Ever do something really dumb?  All of us have, and more than once, but the stupidest thing I ever did in my life happened on an ice fishing trip.  It happened about 40 years ago when a partner and I drove to a good sized farm pond that had some lunker bluegills.  We stopped at the shoreline, dropped our rods and gear and I walked out about 3 feet and bored a hole to see how thick the ice was.

A few turns and the auger went through, showing ice that was about 3 inches thick, maybe a little less.  We should have walked away, but those juicy bluegill fillets beckoned, and finally I said “Let’s walk out well apart and keep our feet well apart, too.  I think it’ll be okay.”   So, out we went, stepping slowly and carefully while the ice made noises beneath us, drilled our holes, and caught about 20 dandy bluegills apiece.  But I couldn’t enjoy the experience.

I was nervous throughout and constantly thinking “This is stupid.”  So, we bucketed our catch and walked back in.  I remember looking down as we eased toward shore and was horrified to see that the ice was actually bending under my feet.  But we made it, and I made a mental promise “Never again.”  What would have happened if one of us had broken through?  That person would have died.  We had no rope, no ice picks or screwdrivers, no rescue gear at all, and the ice would certainly have been wet around the hole, making it impossibly slick.  For 20 bluegills I might have left my wife a widow and my kids orphans.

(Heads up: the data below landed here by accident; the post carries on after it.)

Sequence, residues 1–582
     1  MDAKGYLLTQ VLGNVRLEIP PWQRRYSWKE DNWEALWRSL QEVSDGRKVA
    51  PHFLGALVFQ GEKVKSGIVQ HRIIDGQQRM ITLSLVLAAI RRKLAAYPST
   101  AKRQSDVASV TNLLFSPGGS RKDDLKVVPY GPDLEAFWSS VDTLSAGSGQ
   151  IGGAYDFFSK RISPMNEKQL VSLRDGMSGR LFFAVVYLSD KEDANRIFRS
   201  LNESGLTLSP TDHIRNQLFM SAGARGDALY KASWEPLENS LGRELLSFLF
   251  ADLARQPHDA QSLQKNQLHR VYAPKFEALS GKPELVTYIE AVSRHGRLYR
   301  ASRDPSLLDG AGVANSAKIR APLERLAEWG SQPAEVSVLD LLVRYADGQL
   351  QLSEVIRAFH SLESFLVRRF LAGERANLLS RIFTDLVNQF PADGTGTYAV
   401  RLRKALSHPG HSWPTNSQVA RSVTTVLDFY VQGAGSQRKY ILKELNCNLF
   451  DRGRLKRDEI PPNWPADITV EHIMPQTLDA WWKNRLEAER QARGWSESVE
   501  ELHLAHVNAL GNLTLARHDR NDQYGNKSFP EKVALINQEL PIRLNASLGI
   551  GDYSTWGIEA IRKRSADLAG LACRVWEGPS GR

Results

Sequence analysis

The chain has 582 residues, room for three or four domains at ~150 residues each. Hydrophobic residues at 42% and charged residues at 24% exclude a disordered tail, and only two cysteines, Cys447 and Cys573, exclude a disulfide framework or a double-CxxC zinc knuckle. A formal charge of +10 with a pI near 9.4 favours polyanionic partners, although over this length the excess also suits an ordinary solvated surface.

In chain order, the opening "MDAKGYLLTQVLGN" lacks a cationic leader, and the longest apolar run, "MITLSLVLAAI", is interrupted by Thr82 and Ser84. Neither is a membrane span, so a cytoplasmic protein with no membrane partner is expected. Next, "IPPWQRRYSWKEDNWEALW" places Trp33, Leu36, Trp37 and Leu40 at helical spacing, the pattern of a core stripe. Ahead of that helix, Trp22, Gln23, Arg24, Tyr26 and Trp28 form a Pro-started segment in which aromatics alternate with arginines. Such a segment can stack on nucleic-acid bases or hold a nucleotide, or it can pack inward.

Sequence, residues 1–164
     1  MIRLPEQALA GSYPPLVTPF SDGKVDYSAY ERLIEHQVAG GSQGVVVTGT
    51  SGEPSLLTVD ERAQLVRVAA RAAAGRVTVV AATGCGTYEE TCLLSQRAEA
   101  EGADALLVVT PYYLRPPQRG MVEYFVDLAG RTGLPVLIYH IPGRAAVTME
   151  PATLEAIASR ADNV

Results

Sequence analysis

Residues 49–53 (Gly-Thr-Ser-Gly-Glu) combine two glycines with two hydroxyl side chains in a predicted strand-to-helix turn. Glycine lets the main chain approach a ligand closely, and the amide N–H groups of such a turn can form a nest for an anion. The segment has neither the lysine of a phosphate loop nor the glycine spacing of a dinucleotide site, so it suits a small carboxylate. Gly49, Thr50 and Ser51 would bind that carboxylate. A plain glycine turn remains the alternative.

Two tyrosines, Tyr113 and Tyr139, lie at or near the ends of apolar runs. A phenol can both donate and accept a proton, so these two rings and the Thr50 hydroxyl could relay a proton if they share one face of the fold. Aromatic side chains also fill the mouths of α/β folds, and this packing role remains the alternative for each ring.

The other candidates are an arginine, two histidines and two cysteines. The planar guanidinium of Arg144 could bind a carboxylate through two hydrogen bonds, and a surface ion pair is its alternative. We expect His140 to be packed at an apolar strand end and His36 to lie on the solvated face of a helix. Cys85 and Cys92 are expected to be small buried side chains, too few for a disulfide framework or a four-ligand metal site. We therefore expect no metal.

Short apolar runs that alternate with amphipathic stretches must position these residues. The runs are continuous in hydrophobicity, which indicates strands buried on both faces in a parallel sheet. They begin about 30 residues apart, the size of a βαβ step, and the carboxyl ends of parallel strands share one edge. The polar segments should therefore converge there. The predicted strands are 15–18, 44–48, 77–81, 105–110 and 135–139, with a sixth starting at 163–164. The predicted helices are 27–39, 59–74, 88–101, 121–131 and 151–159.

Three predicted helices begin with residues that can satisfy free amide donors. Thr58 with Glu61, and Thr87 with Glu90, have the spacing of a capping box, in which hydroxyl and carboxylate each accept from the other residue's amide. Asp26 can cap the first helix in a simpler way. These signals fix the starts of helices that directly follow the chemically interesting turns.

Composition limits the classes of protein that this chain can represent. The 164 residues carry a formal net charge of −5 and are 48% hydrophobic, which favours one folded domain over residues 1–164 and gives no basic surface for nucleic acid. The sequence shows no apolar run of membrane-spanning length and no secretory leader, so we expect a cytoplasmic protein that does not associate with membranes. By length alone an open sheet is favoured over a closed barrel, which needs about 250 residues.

There’s an obvious moral to the above story.  Ice fishing is a reasonably safe sport if you follow the rules, but I’m guessing that it’s the most dangerous of winter sports, more dangerous than hunting, which is a relatively safe occupation.  And if you’re going to do it, as I always do, try hard to fish with a friend or several friends, and make sure you have at least 50 feet of rope coiled in a bucket with a loop tied in both ends.

Have those two screwdrivers in a shirt pocket, too.  Jabbing them into the ice will give you traction to pull yourself out, and it’s wise to carry a loud whistle, and a cell phone in a plastic bag.  All of it weighs little, and can save your life.  Personally, unless it’s been a bitter cold winter and the ice is a foot thick, I carry 100 feet of rope and if I’m fishing alone, tie one end to a solid obstacle near shore and the other around my waist.

And I ALWAYS walk out a few feet and drill a hole to make sure the ice is plenty thick, six inches minimum.  It’s said that 4 inches will support a man and I’m sure it will, but even a pond can have springs that eat out ice from below or currents that do the same if there’s a creek running in.  The extra inches provide a margin of safety.

What do you do if a partner goes in?  Get him out and to the truck as soon as possible.  Strip off his clothes, hopefully while another friend is driving to the nearest hospital, rub him down with a towel, shirt, anything, loan him your thick coat, and give him a warm drink if you have one.  That means something without caffeine or alcohol.  With luck you’ll be pulling into the Emergency Entrance well before his uncontrolled shivers turn into mental confusion, apathy and speech that’s slow and slurred.

Again, ice fishing is a fun and productive sport, and reasonably safe most times.  But a catch of walleye, perch, crappie, or bluegill isn’t worth your life.  No fish is.

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